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The title of Derek Smith's Latin Expression falls somewhat short of the actual experience. It does not even begin to describe the utter joy that arises from the resonant, fluttering, dancing music that swathes the record. Perhaps "Latin Explosion" might have been more appropriate? Steel panist/vibraphonist Smith plunges, body and soul, into a veritable carnival of Afro-Caribbean sounds, acquitting himself with distinction.
To many it might have been a challenge to switch back and forth between pans and vibes and expect the same effect, but Smith has mastered the nuanced differences between the resonances of the two instruments. Accordingly, he employs a subtly different attack to gain an appropriate after-burn from phrase-ending notes on the pans, in order to make them hang. His sliding dynamics on the vibes create diaphanous echoes that follow notes sounded by furrier mallets, and the effect he achieves is wholly absorbing.
Nowhere is this more delightfully evident than on "El Cumbanchero." But the spirited kick in "Mambo Inn" comes a close second in the showcasing Smith's wizardry with the mallets. That is the first track on an album where the level of exuberance seems to rise song-after-song, peaking again on "Son de la Luna," Miguel Matamoros' classic son. Mongo Santamaria "Besame Mama" features a stellar turn by Smith on pans, with a wonderful, angular attack and rapid-fire runs that includes the higher register of the instrument. The song also grabs attention because of the empathetic relationship that Smith enjoys with pianist Jason Moen, who dazzles by mimicking a guitar on the keyboards, complete with strumming effects.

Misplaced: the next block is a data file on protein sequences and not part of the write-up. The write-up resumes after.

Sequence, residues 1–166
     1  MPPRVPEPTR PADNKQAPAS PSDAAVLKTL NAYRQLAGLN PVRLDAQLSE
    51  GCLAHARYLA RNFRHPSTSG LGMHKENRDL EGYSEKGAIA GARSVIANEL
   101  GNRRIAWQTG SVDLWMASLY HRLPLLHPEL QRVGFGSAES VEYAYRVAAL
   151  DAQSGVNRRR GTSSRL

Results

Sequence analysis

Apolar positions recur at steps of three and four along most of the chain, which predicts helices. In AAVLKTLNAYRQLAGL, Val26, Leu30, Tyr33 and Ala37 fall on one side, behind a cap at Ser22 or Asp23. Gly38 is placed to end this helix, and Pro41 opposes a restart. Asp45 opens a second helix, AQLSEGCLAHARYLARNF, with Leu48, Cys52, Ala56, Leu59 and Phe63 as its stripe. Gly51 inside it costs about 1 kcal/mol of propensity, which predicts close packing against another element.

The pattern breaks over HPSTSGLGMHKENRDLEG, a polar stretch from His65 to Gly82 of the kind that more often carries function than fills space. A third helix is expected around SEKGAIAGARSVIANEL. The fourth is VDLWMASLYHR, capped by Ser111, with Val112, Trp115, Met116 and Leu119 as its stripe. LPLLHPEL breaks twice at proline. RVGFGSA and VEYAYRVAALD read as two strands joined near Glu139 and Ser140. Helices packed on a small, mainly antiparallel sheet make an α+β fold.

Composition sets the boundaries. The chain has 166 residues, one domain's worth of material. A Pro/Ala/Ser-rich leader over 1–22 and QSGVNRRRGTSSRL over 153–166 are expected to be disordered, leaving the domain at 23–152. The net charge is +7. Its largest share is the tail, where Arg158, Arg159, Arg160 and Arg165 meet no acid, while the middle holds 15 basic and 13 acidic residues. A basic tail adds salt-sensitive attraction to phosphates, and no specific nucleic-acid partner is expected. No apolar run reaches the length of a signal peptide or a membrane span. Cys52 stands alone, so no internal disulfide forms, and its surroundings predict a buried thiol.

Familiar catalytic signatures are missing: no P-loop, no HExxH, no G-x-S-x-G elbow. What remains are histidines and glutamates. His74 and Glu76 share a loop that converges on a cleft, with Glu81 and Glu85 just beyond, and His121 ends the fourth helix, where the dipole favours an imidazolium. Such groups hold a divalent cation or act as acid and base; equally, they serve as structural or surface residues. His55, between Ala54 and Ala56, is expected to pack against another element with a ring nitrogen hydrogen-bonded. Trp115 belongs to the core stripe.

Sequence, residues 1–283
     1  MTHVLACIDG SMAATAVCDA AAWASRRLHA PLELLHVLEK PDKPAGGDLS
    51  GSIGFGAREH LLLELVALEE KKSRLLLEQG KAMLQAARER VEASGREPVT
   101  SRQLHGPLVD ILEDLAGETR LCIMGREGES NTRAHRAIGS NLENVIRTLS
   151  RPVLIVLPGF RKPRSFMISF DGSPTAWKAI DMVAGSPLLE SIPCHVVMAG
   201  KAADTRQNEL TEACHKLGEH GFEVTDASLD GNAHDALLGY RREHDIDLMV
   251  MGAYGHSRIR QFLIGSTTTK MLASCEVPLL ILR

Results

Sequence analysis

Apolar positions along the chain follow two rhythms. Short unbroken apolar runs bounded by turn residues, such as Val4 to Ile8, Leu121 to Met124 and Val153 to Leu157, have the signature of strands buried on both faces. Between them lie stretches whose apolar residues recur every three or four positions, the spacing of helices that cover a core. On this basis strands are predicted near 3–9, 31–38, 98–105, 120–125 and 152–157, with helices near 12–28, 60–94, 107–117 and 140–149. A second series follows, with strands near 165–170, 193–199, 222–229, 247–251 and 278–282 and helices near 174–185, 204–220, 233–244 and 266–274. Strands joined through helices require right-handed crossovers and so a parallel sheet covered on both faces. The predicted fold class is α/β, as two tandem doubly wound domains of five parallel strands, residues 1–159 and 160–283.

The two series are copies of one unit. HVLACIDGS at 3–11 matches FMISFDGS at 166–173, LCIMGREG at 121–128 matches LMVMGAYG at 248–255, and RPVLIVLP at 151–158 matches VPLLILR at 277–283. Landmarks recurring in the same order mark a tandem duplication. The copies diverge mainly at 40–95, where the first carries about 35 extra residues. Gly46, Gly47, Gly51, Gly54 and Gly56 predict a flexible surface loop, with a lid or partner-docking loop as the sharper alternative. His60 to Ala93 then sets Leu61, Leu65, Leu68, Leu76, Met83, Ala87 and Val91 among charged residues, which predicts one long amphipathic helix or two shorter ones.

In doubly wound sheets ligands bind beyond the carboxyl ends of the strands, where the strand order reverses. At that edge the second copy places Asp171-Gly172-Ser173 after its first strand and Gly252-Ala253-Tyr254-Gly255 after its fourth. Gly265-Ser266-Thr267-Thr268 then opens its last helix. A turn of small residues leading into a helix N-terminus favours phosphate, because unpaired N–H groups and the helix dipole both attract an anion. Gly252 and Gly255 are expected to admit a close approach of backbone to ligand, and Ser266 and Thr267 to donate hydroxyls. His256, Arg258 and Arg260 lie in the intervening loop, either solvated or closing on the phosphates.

"So Danco Samba" retains its samba rhythm, thanks to fine work by bassist Aaron German and percussionists Colin Douglas and Mike Shannon. But surprisingly, the band turns it into a Caribbean feature as Smith rocks the pans. In the capable hands of this ensemble, Ray Bryant "Cubano Chant" is fashioned in a graceful vocal manner, also featuring Colin Douglas' exquisite percussion coloring. Jovino Santos Neto, who is fast gaining recognition for his extraordinary music, is represented by "Sempre Sim," which features a wonderful melody full of almost ghostly quarter tones in its harmony.
Derek Smith's own compositions"Mi Cancion" and "Here We Go"possess fine, strong melodies and auger well for the development of this hard-working musician, who will surely become a headline act in the realm of Afro-Caribbean music.
Mambo Inn; Poinciana; Mi Cancion; Alpinos; El Cumbanchero; Partido Alto; Son de la Loma; Besame Mama; So Danco Samba; Cubano Chant; Sempre Sim; Here We Go.
Derek Smith: steel pans, vibes; Aaron Germain: electric bass; Jason Moen; piano, keyboard; Colin Douglas: drums, congas, guiro; Mike Shannon: drums (8, 9, 11); Mark Rosenthal: cello, steel pans (4, 12).